Hip replacement surgery, also known as hip arthroplasty, is a surgical procedure which the painful and damaged hip joint removed and replaced with an artificial hip joint (metal or plastic components).
Overview of Hip Replacement
Hip replacement (also called hip arthroplasty) is a surgical option for patients with arthritis of the hip. This operation can relieve pain and maintain motion in the arthritic hip joint.Arthritis can affect joints, over time; the smooth cartilage on the surface of the bones wears away. This can result in pain, inflammation, and swelling of the joints. Hip replacement surgery is a procedure to replace this damaged joint to eliminate this pain and swelling for a long time. Arthritis does not have any kind of full treatment; all kinds of medications and procedures are just temporary and can just slow it down. But surgery can be the last (and maybe permanent) solution for this painful problem.es
Hip Replacement Recommended For:
- Patients with osteoarthritis who are older than 50
- Patients who have Destroyed ankle joint surfaces and degenerated joints
- Patients who are not significantly overweight
- Patients who are with chronic hip pain.
- Patients who are with chronic hip mobility issues.
Before Hip Replacement
The surgeon takes a complete medical history and examines the hip. He may ask blood tests, an X-ray and possibly an MRI. Aspirin, Ibuprofen and herbal supplements should be avoided few days before and after the surgery. Smoking should be stopped a few weeks prior to the procedure since cigarettes slow down the healing process.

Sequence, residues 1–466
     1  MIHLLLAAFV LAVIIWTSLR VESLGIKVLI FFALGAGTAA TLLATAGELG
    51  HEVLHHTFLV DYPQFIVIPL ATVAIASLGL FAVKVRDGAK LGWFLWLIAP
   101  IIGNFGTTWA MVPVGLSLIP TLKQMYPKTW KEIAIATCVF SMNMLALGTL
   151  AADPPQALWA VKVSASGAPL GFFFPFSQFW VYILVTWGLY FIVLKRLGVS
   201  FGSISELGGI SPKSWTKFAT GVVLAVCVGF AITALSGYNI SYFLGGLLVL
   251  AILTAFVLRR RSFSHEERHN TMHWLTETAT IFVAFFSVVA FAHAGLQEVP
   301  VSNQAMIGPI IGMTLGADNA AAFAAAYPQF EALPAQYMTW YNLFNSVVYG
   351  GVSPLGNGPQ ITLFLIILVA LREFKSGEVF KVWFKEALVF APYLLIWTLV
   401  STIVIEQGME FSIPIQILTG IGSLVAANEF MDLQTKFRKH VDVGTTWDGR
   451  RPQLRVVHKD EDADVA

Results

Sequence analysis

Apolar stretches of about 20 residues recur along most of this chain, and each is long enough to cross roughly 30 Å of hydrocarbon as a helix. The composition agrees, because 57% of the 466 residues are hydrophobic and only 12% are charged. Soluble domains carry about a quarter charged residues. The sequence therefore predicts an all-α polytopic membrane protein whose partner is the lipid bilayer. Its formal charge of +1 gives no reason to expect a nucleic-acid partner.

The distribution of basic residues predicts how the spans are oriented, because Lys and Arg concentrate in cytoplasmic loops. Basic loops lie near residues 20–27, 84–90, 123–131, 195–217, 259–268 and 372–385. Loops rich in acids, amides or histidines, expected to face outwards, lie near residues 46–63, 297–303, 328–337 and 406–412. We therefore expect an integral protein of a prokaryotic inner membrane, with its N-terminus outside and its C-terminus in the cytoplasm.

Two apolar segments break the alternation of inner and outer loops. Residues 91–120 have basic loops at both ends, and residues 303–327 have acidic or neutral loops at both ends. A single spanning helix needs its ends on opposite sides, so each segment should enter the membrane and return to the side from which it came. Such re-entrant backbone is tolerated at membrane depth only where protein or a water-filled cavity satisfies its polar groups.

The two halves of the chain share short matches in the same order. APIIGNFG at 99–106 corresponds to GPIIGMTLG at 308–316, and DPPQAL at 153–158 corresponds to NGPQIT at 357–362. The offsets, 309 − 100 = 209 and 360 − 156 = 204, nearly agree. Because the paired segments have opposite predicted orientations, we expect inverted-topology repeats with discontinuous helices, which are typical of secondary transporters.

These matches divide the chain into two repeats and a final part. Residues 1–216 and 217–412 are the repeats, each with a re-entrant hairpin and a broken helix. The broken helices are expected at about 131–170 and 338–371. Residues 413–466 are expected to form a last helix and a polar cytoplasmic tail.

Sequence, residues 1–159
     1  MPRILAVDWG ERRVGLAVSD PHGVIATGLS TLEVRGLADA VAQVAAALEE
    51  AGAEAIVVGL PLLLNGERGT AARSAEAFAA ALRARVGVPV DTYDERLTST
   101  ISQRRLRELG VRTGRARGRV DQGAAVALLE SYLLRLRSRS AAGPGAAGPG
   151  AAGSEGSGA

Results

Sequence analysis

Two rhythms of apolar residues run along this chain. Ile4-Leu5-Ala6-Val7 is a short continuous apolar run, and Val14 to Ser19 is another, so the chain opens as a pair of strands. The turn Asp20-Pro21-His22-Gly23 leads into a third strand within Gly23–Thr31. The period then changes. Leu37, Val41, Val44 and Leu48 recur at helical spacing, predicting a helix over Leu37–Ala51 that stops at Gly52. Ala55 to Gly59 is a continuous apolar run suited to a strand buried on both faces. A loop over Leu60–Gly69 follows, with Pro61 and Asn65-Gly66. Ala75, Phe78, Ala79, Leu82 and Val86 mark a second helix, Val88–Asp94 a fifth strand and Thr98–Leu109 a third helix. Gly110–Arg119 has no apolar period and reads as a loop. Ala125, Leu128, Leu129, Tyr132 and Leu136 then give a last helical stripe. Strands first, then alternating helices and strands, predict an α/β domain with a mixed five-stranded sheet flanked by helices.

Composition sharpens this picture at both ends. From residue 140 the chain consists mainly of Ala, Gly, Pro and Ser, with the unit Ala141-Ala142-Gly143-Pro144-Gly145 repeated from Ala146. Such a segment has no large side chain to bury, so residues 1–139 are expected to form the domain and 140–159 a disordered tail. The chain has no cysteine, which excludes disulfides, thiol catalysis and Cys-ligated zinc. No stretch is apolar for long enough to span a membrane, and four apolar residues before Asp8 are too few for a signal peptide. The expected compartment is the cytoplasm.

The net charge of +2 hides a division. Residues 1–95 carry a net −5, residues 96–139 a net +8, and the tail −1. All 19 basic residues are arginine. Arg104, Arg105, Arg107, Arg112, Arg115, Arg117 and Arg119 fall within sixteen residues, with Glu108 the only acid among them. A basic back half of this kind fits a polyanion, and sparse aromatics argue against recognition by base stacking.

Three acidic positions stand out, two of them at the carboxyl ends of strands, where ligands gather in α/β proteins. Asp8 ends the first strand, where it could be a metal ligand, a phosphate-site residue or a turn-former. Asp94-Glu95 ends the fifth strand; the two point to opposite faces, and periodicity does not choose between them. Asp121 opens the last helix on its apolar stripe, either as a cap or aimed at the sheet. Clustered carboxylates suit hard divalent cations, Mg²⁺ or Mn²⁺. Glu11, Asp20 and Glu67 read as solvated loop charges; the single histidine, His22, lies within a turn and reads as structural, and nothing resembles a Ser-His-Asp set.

During Hip Replacement
Patients usually undergo general anesthesia. The surgeon cleans the surgical area and makes an incision in the hip area. The damage part of the hip joint is removed and replaced with the prosthesis. An artificial joint is attached to the thigh bone using cement or a special material that allows the remaining bone to attach to the new joint. The bone grows onto this surface to attach to the prosthesis. The surgeon closes the incision with stitches.
After Hip Replacement
Patients may need to stay at hospital for 4 to 6 days. They will need several physiotherapy sessions to speed the recovery. A drainage tube is placed in the bladder to help to go to the bathroom. The surgeon may prescribe painkillers and antibiotics. Medicines or physical therapy may be prescribed by the surgeon to prevent blood clots. Patients usually require walking aids for the first four to six weeks after surgery. Most patients can resume their normal activities after around three months.